It's a whole process, and none of this makes any economical sense, some of it is really just having fun too. First I treat it with Ozone. I have a small generator and I push the gas into a venturi to mix it. That takes care of oxidising a lot of the bad stuff (mostly dissolved carbon and some iron), but it remains in suspension. So then I put a normal swimming-pool flocculant on it, and overnight that makes little cloudy clumps that either sink to the bottom or are more easily filtered. Then I put it through a 1-micron filter and some activated carbon. And finally I put about half-a-teaspoon of powdered chlorine on the end result in the final tank. A bit silly to add the chlorine after the carbon filter... but hey, works well enough. The water that comes out is clear and no longer stains my toilets.

I'll be using that water to spray the birds. When we get to it.

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We pop-riveted a thin sheet of galvanised sheet metal to a install because if you stood on the threshold of the kitchen steps one looked straight underneath the panels and the associated unistruts. The galvanised sheet metal now hides this from view. A similar addition would prevent birds getting underneath the panels. It is not a cheap as your gut and foil idea.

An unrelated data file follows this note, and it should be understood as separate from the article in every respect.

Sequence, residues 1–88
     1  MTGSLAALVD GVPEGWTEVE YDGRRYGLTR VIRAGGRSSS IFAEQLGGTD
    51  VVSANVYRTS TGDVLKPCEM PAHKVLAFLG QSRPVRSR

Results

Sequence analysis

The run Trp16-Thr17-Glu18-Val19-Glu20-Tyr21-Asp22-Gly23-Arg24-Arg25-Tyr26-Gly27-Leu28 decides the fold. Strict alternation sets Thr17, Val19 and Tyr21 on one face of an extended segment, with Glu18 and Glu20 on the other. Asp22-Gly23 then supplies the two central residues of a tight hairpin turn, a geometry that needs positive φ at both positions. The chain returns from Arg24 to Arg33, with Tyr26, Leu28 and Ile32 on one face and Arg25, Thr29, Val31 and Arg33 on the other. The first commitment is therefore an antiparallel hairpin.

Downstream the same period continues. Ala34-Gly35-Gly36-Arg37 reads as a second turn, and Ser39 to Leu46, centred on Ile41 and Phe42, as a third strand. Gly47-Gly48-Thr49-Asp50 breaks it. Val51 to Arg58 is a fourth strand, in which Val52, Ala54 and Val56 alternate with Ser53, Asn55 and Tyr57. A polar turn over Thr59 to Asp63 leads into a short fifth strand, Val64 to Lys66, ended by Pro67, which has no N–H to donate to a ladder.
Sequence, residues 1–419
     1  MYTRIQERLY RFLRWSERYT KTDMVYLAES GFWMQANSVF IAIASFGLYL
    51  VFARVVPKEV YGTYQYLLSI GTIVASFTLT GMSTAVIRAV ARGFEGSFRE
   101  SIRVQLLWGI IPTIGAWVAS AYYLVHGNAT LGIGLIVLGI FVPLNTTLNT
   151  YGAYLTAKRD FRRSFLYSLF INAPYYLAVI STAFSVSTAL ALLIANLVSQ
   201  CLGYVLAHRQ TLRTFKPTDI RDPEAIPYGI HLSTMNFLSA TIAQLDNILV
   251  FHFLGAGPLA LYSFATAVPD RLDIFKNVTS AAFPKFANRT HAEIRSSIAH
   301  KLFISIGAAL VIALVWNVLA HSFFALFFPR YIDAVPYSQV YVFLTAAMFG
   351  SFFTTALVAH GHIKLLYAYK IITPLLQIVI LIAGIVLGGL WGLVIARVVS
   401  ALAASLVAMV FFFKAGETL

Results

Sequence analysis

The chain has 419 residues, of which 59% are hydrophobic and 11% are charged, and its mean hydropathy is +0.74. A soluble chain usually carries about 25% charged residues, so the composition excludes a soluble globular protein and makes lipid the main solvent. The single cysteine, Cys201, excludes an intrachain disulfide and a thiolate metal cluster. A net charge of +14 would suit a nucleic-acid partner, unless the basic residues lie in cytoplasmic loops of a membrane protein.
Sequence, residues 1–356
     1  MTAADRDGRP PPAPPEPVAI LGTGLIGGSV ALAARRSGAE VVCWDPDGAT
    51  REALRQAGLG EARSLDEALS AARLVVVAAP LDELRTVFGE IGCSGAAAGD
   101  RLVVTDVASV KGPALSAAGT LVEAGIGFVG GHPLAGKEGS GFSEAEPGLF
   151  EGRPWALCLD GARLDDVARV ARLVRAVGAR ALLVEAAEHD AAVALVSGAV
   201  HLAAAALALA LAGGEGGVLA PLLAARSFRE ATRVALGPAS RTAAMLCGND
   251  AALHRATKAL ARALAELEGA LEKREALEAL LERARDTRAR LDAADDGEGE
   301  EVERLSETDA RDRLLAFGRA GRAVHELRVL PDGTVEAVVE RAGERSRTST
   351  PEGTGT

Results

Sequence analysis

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13 minutes ago, Andries said:

the chicks got fried!

janee andries - dis mos nou dieremishandeling! en ons moet dit voorkom :D

gister het ek die vierde keer 'n duiwenes plus eier onder my panele uitgetrek - as my versekering dit hoor gaan hulle die premie van my lewensdekking verhoog.

what i did then was to take strands of fishing line, about 15 at a time, about 1000mm long [uncurled] and stuck them with glue to the ridge of my roof, where the pigeons usually land. fastening a couple of those about 1m apart i climbed down.

now i live on the west coast and we have plenty of wind. those hardly visible gut strands are being blown all over the place and up till now [ok, its early days], i have not seen a pigeon sitting on that part of the roof as i believe they cant really figure out whats going on there and given their brain size i hope it will stay that way. even if they land, the pieces of gut will strike and irritate them.

now obviously if the wind lets down things might change, but i'll keep you guys posted